Writing a book is hard- a new update on an old project

by | 23 Feb, 2020 | Feminism, Punk | 0 comments

Or

I wish I didn’t have to work full time and could just do this instead- A Memoir

Have you ever told people that you were going to do something- take up an evening class, start a band, paint some kind of opus, travel India and build an orphanage- and you had every intention of doing it and even started to do it but then you just kind of…..didn’t? And then you sort of wanted to just forget all about it and destroy all evidence then you ever attempted such folly and move on with your life? But then you keep being haunted by inspirational memes you found on Pinterest that tell you that the only reason you haven’t achieved all of your dreams is because you’re a lazy bastard who watches too many VICE documentaries instead of actually doing some work towards your goals? And so, you’re gonna have to shake yourself out of your malaise and just bloody do the thing? Yeah….me neither.

Seriously though, all of the above applies to me. A few years ago, I had an idea- a notion of a project that would be super fun to write and completely badass when it is completed. A project that would take me all over this pleasant green land and possibly beyond, meeting awesome people and learning about their experiences and building a network of punks and skaters and artists and campaigners and activists and musicians and misfits and friends and heroines. It was going to be brilliant and vital and most importantly……it wasn’t going to take too long. 18 months maximum and then I would have this glorious thing to behold- a life’s work.

So….fast forward 5 years and it is still not finished. It’s not a million miles away but it is certainly not 5 years worth of work. And that kills me. Every day it is in the back of my mind, every spare minute I get I think “I could be working on this book” but unfortunately, so many things stalled it and the longer time went on, the harder it was to open up the files on my laptop and crack on with it. The half written chapters and unfinished thoughts became the mad wife in the attic; the ghost at the feast; the skeleton in the closet of the ‘My Documents’ folder. The book (which I will explain the gist of a bit further down) needed contributors, needed this network to present itself and develop, needed momentum. And whilst there was a period where it had this, it gradually ran out of steam. As Captain of the ship, I was supposed to give the project the energy it needed but there were so many others demands on my energy reserves- a full time job; other writing projects and hobbies; social stuff; life events etc. And although I never forgot about it, I felt that unless I could give it a certain minimum of attention, I would have to keep putting it off. And then 5 years later, here we are- so much ready potential, just needing another push.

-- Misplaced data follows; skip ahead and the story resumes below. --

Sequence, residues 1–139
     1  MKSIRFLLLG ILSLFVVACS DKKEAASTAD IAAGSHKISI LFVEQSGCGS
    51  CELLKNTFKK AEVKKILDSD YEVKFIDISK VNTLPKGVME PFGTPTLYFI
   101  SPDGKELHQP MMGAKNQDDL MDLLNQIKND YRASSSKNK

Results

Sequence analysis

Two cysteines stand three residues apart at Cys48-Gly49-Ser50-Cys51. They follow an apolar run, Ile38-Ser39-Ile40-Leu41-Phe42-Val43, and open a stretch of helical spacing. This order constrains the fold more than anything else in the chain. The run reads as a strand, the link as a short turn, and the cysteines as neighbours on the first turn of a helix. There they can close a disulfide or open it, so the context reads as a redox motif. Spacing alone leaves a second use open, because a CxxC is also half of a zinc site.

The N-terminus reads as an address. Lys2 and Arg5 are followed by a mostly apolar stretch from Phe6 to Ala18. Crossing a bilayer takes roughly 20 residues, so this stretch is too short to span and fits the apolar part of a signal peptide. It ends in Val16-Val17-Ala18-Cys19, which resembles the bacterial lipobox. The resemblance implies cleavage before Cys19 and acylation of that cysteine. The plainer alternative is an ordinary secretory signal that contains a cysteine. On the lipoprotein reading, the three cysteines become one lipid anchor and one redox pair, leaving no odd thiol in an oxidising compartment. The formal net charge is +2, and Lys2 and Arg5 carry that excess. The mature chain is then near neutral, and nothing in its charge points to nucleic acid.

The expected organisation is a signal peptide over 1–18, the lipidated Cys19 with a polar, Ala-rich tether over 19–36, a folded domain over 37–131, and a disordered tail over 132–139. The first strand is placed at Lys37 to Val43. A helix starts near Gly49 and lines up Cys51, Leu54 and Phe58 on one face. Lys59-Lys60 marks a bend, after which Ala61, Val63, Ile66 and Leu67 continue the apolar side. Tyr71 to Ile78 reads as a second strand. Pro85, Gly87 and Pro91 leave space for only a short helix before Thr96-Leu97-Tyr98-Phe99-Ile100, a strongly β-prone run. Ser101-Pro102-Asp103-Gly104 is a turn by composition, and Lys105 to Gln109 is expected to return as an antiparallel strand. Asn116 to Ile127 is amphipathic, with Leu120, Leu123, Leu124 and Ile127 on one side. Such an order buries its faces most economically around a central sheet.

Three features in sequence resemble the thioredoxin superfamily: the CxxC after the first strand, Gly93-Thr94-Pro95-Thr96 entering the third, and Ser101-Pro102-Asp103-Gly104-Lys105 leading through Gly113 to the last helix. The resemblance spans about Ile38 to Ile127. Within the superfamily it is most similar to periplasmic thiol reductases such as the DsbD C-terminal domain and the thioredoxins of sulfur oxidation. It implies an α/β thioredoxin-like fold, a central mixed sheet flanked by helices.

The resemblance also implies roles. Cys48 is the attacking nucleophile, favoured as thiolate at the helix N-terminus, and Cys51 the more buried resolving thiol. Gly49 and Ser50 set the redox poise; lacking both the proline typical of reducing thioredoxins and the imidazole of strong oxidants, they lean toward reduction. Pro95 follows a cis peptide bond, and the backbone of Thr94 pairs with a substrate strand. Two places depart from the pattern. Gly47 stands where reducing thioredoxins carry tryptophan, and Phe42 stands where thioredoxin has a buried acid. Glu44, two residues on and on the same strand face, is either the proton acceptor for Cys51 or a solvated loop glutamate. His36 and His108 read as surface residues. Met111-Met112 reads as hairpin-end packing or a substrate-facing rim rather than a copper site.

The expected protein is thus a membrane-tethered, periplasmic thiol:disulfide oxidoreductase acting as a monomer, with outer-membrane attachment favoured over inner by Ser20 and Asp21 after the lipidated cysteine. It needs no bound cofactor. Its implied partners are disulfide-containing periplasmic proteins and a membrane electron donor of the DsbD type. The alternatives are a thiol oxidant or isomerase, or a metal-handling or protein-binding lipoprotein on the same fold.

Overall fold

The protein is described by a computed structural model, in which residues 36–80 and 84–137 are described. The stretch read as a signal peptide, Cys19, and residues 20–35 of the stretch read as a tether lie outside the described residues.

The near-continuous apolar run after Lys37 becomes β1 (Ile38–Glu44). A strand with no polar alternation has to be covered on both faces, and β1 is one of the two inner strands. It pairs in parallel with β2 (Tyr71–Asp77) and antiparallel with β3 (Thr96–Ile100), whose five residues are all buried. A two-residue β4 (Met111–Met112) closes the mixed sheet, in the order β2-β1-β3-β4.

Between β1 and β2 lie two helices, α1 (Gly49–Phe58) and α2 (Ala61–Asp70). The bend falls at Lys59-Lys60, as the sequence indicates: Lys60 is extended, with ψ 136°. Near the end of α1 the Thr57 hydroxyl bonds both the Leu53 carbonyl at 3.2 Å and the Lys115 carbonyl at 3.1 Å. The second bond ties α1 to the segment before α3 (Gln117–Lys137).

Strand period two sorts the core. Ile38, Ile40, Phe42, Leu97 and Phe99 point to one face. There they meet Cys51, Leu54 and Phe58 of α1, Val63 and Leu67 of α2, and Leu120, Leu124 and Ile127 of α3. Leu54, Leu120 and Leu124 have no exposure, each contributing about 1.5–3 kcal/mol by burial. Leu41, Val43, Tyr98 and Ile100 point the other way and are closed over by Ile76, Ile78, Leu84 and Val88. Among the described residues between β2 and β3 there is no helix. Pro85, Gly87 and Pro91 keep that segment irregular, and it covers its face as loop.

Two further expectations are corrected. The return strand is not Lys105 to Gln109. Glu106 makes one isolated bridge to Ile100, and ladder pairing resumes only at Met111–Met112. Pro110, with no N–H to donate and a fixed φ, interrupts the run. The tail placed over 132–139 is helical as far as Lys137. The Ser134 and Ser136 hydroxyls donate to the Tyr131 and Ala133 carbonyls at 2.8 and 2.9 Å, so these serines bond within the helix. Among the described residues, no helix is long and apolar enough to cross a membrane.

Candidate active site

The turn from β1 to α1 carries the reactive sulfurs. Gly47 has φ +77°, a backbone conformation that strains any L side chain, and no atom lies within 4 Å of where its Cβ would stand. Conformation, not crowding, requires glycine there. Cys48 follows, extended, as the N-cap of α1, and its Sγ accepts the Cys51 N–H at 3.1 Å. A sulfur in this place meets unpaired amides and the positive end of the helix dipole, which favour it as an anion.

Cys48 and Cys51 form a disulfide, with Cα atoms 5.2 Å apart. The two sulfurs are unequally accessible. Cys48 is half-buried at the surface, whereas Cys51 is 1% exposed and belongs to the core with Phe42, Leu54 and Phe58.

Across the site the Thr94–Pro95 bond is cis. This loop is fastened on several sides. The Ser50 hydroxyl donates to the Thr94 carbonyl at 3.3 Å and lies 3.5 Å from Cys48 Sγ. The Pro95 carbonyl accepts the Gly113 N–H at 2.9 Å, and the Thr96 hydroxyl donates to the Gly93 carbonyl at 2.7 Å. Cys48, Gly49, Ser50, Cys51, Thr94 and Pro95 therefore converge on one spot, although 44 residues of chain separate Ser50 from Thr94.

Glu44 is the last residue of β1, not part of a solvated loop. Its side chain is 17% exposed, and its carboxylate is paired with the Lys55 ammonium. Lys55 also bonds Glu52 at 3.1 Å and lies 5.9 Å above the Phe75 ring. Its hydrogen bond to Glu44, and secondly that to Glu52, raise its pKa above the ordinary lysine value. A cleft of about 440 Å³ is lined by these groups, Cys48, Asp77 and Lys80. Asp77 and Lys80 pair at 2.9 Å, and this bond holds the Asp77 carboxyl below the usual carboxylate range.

So, it’s 2020 and the time for pushing has arrived- I’ve had an epiphany. Rather than focus on the end product and obsess about needing to write so many words, have so many chapters completed etc. I’m going to enjoy the process of actually writing it. Meeting people; learning new things about a genre of music I love; getting thoughts down on paper. With the pressure taken off, the true spirit of the project can thrive and it is quite exciting!

So, what actually is the book? In a nutshell, it is about women and punk- not IN punk, but AND punk. It is not an anthology of famous punk musicians- there has already been a lot written about Siouxsie Sioux; Debbie Harry; Kathleen Hanna and the like. This is about how fans of punk experienced the punk scene- listening to the songs; going to the gigs; dating punks; being friends with punks- without the benefit of notoriety or fame who were/are in amongst the people punk was made for.

Specifically, I want to know what it is/was like for women- did punk feel a safe place? Were you able to find music that represents your lived experience? Does it matter if there are not as many female punk musicians/promoters/engineers etc? How do the different subgenres of punk compare for their feminist credentials- what was it like being a punk women in 1977 compared with being a pop punk fan in 1999? Is punk feminist enough? Does it matter? What about other issues- racism, poverty, LGBT rights?

I do not know the answers to all of the above. I have a feeling the answers to all of the above will be- it depends. It depends on who you ask as everyone’s experiences are different. And that’s the whole point of the project because everyone’s experience is valid and I want to be able to chronicle as much of it as I can.

So, if you have any thoughts on the above and want to get involved- please get in touch. This year is THE year!

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